Google just wrapped up its conference call explaining its decision to buy Motorola Mobility.
The big theme of the call: Google is paying $12.5 billion to protect the Android ecosystem from the patent warfare of Microsoft and Apple.
Google is not going to be giving Motorola favourable treatment, says Android chief Andy Rubin. It will be a separate division and it will have to fight for Google’s business like everyone else.
It’s a smart way to sell the deal early on: The government might buy it, and Android partners might buy it, too.
But, who’s kidding who? It would be insane for Google not to do all it can with Motorola.
Google has a new toy, and you know it’s going to exploit it to its full potential.
Here’s our live notes from the call:
Hi there! We’re live blogging the conference call on Google’s $12.5 billion buy of Motorola.
The call is supposed to start at 8:30 AM eastern.
Refresh your browser for the latest, or click here.
8:31: We’re still waiting for the call to start, in the meanwhile, there’s a lot to think about here …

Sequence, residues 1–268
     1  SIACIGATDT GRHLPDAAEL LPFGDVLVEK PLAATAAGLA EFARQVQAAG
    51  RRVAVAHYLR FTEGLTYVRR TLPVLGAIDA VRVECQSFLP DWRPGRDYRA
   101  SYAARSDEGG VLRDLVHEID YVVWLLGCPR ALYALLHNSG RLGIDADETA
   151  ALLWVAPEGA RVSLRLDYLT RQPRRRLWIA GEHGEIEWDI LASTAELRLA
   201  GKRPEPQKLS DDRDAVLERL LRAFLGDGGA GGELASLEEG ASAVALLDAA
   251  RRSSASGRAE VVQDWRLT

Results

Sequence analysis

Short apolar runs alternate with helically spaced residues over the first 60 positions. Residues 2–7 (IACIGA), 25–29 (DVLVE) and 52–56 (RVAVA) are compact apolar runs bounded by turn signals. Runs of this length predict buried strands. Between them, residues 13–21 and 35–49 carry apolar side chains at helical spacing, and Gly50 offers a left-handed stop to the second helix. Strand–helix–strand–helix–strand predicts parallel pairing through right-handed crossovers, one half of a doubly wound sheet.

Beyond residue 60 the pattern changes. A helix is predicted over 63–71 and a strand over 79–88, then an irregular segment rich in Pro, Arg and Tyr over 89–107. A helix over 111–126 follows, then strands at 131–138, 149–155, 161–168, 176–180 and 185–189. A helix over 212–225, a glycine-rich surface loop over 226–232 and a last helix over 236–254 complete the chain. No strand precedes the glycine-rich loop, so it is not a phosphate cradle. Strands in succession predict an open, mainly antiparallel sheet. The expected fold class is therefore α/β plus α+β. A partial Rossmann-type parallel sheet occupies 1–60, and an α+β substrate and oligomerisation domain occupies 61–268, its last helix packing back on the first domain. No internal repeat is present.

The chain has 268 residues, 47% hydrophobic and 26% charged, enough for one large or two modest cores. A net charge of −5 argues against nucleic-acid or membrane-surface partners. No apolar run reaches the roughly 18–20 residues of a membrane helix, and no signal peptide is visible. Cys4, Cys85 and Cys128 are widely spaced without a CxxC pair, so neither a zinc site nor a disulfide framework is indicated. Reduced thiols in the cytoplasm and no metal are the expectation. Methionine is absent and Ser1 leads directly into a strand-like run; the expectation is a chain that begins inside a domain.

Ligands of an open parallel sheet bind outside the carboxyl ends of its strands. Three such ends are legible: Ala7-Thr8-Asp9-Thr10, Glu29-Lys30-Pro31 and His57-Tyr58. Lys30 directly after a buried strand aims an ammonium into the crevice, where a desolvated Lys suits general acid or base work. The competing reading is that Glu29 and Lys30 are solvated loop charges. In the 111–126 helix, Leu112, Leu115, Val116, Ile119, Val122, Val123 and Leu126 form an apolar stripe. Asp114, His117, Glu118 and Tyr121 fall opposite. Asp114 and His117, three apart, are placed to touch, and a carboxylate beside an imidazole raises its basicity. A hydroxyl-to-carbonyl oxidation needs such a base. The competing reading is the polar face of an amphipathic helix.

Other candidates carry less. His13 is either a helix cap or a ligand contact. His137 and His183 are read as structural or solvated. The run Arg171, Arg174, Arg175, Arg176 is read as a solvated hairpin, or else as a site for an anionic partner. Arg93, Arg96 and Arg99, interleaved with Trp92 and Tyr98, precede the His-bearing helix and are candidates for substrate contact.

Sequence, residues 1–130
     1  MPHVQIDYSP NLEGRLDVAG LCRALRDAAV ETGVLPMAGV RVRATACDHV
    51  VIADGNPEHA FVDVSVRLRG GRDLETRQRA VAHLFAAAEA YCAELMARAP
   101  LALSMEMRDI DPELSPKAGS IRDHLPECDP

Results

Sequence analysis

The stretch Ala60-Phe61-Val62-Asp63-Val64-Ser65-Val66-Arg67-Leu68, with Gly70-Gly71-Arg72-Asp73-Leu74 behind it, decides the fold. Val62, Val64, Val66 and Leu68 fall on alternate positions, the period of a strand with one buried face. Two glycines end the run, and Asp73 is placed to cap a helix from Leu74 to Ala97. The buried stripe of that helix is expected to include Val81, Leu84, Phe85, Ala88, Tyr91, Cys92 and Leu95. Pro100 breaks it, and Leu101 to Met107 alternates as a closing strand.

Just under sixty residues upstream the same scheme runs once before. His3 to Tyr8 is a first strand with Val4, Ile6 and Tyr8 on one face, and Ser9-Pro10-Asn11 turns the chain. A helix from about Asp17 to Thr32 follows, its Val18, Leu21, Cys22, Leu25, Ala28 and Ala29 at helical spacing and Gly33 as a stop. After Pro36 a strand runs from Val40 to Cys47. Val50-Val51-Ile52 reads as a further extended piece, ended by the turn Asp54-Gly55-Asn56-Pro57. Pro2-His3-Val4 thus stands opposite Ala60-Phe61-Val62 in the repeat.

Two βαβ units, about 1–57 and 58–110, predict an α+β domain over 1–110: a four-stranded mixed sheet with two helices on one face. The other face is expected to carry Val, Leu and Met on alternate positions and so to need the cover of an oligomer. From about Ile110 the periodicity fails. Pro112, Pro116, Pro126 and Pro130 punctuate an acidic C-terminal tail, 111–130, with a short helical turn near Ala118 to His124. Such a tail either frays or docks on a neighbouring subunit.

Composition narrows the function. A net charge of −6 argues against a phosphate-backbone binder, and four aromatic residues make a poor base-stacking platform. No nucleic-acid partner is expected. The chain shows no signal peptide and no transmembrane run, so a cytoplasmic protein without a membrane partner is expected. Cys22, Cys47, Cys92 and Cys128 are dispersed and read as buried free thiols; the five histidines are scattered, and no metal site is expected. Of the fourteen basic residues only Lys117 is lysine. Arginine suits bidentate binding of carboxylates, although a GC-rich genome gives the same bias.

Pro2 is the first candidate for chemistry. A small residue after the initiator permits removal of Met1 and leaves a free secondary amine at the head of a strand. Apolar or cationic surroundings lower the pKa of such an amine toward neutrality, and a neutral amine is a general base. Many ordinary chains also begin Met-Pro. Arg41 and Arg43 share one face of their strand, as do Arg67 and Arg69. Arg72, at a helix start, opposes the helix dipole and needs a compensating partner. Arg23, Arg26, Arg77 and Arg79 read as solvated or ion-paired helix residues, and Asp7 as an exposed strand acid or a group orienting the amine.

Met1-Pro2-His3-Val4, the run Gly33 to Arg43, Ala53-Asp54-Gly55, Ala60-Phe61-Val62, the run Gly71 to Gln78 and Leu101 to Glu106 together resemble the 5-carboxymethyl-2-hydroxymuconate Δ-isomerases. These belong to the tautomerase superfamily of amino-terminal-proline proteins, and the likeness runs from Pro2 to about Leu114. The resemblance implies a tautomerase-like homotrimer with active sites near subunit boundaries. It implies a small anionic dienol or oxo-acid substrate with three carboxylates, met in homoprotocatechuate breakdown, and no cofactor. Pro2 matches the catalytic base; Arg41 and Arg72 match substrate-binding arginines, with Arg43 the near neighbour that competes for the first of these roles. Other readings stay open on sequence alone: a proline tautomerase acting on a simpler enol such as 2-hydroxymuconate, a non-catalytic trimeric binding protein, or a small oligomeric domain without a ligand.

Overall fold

It’s the first big move in the Larry Page era, did Google just infuriate Samsung, who was making Google Nexus phones, does this mean mobile ads don’t work — oops! Must stop now, the call is starting …
8:33: Jane Penner, head of Google IR on the call, introducing speakers///
8:35: Larry Page on the call, tremendous shareholder value. In May 2005, met Andy Rubin, who had a crazy vision for mobile industry. Thought inefficient for hardware makers to make software. That was just 6 years ago and now Android a leading platform. Android has grown tremendously. More than 150 mill Android devices activated worldwide, 550,000 Android devices lit up every day.
8:36: As for Moto, innovation has led to industry milestones, including first mobile phone, the starTac. After launch of Android, new CEO got together with Andy. Sanjay made a big bet he bet on Android, and that has seen him transform Motorola. Motorola has a great team w. experience in mobile computing. Exciting product roadmap. Oppty to accelerate in the home business. Strong patent portfolio.